Huntington’s disease is a neurodegenerative disorder characterized by uncontrolled jerking and writhing movements known as chorea, loss of thinking ability, and psychiatric problems. It was first documented in 1872 by a 22-year-old American doctor named George Huntington.
Genetics of Huntington’s disease
Huntington’s is caused by a mutation of the huntingtin (HTT) gene. The mutation is called a CAG trinucleotide repeat expansion because the segment of the gene containing the CAG portion of DNA repeats is longer than usual. The longer this repeat region is, the earlier the symptoms of the disease appear. They also tend to be more severe.
Huntington’s is inherited in an autosomal dominant manner, meaning that a person only needs one copy of the defective gene to develop the disease. People have two copies of genes, one from their father and one from their mother.
What happens in Huntington’s disease?
A mutated HTT gene leads to degeneration in these parts of the brain. The result is symptoms such as trouble controlling movement, walking difficulties, and problems with speech and swallowing. People with Huntington’s may experience cognitive dysfunction, including thinking, planning, and organizing problems. Emotional instability and behavioral changes are also common in a person with Huntington’s.
Types of Huntington’s disease
Huntington’s symptoms typically appear in a person’s 30s and 40s. This is called adult-onset Huntington’s disease, and is the most common type.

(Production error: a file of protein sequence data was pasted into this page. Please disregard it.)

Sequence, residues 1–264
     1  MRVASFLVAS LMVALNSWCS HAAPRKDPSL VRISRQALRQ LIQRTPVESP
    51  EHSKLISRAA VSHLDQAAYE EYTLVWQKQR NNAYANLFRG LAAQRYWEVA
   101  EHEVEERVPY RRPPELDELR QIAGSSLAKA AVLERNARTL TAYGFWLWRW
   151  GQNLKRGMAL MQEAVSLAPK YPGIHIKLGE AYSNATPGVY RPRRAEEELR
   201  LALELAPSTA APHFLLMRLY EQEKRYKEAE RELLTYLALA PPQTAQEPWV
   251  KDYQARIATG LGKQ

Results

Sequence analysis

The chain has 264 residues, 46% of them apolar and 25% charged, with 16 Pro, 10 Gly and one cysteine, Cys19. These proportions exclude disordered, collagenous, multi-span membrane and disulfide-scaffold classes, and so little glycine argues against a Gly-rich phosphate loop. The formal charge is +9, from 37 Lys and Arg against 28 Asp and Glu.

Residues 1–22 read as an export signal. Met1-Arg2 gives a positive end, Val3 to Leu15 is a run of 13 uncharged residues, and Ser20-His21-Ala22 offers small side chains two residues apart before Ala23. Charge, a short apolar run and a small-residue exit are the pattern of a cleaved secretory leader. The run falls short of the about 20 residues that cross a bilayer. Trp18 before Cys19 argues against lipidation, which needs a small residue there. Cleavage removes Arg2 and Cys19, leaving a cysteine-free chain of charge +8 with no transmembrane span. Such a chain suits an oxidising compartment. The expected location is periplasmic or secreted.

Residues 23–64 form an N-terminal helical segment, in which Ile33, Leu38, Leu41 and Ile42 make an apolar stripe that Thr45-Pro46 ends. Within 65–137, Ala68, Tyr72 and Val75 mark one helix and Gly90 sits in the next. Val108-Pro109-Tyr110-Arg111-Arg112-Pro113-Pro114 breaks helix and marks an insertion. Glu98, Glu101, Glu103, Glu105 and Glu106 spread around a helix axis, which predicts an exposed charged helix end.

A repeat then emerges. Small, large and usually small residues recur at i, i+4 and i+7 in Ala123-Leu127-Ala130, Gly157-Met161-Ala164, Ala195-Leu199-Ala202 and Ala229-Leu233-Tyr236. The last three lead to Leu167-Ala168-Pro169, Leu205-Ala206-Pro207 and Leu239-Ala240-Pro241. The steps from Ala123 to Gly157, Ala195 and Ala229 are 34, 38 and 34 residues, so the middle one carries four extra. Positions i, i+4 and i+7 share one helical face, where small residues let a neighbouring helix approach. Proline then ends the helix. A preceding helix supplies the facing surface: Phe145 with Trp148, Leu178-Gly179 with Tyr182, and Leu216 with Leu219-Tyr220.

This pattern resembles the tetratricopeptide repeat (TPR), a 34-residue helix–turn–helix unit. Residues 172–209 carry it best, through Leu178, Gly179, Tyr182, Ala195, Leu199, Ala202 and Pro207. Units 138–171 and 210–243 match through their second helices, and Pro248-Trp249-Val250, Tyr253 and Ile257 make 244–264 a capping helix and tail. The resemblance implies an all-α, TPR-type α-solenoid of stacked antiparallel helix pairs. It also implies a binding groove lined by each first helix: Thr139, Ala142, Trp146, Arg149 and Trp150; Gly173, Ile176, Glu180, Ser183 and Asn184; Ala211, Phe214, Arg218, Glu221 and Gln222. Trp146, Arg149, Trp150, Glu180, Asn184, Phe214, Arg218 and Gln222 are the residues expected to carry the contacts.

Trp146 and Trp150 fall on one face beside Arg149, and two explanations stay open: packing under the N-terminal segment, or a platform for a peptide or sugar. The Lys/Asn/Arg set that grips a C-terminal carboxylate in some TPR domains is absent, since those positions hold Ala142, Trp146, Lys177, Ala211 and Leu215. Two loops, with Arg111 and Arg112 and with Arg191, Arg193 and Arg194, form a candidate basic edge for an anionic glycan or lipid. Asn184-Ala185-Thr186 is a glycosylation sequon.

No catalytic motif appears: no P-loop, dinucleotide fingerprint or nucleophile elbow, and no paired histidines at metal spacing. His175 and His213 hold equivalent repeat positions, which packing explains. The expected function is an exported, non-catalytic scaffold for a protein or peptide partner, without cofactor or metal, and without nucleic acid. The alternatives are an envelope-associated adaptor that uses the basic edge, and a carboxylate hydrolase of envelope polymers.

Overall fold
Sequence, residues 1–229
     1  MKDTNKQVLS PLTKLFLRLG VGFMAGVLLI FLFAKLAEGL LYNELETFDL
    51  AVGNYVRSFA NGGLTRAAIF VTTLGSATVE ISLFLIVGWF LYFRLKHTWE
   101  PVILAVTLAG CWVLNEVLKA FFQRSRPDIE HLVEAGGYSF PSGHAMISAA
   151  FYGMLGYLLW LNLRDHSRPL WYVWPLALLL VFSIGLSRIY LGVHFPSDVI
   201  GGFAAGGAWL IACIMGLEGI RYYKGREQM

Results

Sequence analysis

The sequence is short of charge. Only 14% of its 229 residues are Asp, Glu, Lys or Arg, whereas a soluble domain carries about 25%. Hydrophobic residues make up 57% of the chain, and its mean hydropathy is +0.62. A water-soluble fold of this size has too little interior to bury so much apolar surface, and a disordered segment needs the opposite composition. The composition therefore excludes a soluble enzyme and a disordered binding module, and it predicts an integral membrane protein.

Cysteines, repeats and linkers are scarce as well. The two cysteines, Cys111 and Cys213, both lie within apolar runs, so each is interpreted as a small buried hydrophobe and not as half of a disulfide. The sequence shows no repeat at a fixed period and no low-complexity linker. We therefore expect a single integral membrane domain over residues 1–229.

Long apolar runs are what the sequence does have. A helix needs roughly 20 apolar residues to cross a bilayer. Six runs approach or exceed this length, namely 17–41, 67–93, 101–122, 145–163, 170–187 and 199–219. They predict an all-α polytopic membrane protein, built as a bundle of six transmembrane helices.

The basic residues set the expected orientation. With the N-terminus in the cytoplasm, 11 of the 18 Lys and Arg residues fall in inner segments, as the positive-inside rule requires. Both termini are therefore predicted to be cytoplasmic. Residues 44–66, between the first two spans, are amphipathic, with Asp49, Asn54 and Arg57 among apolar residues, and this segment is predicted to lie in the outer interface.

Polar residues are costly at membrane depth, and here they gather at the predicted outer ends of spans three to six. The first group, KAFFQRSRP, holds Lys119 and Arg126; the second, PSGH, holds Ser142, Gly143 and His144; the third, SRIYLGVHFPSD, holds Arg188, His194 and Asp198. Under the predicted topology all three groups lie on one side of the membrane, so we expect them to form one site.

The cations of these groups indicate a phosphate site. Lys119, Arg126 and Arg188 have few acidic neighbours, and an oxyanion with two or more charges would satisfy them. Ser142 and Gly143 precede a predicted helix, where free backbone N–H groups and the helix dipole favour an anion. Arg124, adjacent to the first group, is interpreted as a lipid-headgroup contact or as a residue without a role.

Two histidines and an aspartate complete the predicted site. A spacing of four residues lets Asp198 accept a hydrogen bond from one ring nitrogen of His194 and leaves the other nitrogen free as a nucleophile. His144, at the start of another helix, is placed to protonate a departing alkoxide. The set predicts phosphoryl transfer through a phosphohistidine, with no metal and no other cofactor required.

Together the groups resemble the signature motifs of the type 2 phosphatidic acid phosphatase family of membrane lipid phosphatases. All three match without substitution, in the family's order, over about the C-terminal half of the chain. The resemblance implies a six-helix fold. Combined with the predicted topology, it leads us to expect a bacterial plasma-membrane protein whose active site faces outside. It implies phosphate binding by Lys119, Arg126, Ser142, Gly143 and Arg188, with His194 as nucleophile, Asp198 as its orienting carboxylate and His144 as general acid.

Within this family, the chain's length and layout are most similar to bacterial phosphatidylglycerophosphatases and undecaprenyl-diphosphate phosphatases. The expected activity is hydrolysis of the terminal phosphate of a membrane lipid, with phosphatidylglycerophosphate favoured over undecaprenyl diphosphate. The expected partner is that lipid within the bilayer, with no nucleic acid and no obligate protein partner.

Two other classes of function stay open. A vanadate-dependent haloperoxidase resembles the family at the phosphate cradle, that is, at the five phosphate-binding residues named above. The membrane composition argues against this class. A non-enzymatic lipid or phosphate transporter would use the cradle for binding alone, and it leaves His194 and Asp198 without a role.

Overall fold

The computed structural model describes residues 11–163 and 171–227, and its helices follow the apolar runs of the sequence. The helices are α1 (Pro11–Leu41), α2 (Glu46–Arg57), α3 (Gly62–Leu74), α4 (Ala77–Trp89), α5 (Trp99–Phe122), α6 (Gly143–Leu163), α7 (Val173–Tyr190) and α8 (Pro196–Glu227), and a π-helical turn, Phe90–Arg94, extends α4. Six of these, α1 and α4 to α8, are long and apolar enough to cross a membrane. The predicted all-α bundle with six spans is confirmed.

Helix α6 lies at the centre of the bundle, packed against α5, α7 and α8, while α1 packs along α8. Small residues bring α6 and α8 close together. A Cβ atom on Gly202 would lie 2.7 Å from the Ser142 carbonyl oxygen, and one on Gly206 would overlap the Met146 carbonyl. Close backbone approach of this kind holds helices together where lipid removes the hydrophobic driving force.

Sometimes the symptoms appear in childhood or adolescence. Juvenile-onset Huntington’s tends to progress more quickly than the adult form. This is because those with a juvenile form have a longer CAG repeat expansion in their HTT gene. Those with juvenile Huntington’s frequently experience muscle stiffness and seizures instead of chorea.
Diagnosing Huntington’s disease
Genetic testing for a mutation of the HTT gene can help doctors determine whether a person will develop the disease. Because Huntington’s progresses slowly, it is possible to test positive for the disease without experiencing symptoms. In these situations, there is a 50 percent chance of a person passing on the disease-causing gene to their children. Genetic counseling can help families with Huntington’s gene mutations make informed reproductive choices.
When people have Huntington’s symptoms, doctors use magnetic resonance imaging or computerized tomography scans to look for changes in their brain.
Managing Huntington’s disease
There is no cure for Huntington’s, but many treatments can help patients manage their symptoms and improve their quality of life. Examples of treatments include the recently approved Deutetrabenazine (austedo) for chorea, anticonvulsant drugs for seizures, and antidepressants for mood changes.
Physical therapy can help patients regain some control over their movements.
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